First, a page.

Once you know that private loan refinancing is right for you, then it’s time to take a look at the different lenders out there.
They all might seem the same, but some offer better terms in certain situations.
Some lenders are better for healthcare workers while some offer unemployment protection. Some lenders find the best rates by going through community banks and credit unions, and some reward borrowers with a clean credit report.
Comparing your options across multiple lenders is worth the time. You never know if you can do better unless you check with a few lenders.
Here are the steps to refinance private student loans:
- Start by viewing today’s top refinancing lenders that Student Loan Planner® partners with.
- Select three to five lenders to get preliminary rates. Click the links through our website and register with a new email address to potentially qualify for a cash-back bonus.
- Compare interest rates and terms across the lenders to see which offers you the lowest rates with flexible repayment terms.
- Choose a lender that gives you the best terms.
- Complete the student loan refinancing application online.
- Receive the final offer and accept it within 30 days, if the offer makes sense for your situation.
- The new lender you selected will pay off your old lender. You’ll then start making payments under your new loan terms with the new lender.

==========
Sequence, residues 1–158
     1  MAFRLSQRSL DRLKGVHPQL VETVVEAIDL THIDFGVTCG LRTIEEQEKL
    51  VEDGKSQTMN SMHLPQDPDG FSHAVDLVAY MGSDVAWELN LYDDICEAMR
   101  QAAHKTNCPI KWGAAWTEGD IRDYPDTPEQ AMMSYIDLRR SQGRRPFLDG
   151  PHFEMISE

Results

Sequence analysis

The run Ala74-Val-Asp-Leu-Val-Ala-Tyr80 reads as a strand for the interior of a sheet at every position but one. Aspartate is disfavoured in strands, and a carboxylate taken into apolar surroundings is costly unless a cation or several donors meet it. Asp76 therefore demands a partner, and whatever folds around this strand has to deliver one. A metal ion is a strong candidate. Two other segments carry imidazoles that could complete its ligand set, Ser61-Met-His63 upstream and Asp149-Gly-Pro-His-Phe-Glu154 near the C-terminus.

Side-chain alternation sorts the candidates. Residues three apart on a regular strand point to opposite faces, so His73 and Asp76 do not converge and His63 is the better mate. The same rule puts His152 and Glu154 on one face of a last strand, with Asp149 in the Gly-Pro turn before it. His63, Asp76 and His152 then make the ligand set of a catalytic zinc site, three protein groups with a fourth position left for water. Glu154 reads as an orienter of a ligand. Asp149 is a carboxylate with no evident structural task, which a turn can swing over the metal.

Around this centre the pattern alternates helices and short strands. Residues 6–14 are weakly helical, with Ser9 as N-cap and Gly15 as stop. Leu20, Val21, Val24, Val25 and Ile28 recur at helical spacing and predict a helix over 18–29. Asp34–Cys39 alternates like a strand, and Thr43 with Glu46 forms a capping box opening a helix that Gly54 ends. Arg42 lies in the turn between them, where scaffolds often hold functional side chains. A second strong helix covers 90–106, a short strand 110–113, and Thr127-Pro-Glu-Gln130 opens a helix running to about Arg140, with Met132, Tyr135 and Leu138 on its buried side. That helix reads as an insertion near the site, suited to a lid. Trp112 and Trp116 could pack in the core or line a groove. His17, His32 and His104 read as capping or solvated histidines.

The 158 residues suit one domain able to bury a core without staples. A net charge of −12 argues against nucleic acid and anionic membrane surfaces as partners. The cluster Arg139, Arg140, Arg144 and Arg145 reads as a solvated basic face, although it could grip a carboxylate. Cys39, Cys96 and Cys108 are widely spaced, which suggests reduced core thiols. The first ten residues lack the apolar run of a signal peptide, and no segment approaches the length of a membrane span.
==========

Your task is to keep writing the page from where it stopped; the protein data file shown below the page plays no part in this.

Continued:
Quick note: Sometimes people get concerned that looking at more than one company will affect your credit score, but that’s not true. These preliminary rates are “soft” credit pulls which doesn’t materially affect your credit score no matter how many you do.
There’s also what’s called “rate shopping” when you explore many options over a 14 to 45 day period. During this window, multiple soft credit checks are counted as one on your credit report.
It’s worth it to check out as many as possible to make sure you secure the best interest rates and terms.
Should I refinance my private student loans?
You should explore refinancing your private student loans if you can get a better interest rate, need to adjust your required monthly payment, or recently had a nice jump in your credit score.
There’s no harm in checking even if you refinanced six months ago.
Remember, there are no closing costs so you don’t have to calculate a “break even” rate. If you can get even 0.25% lower, it’s worth it.
Just remember that if you have eight years to go and you refinance to a fresh 10-year term, you’re resetting the clock which could end up costing you more in interest. Even if the required payment is lower on the refinance, put as much money into it as you can (if possible) to get out of debt faster and pay less interest.
Remember step one: refinance your student loans through our site. Our partner lenders account for the vast majority of the student loan refinancing market. Plus, we take lower advertising fees from them to offer you some of the best cash-back bonuses out there.
We want you to save as much money as possible when you refinance your private student loans, so check out if you can get a better rate and qualify for a bonus.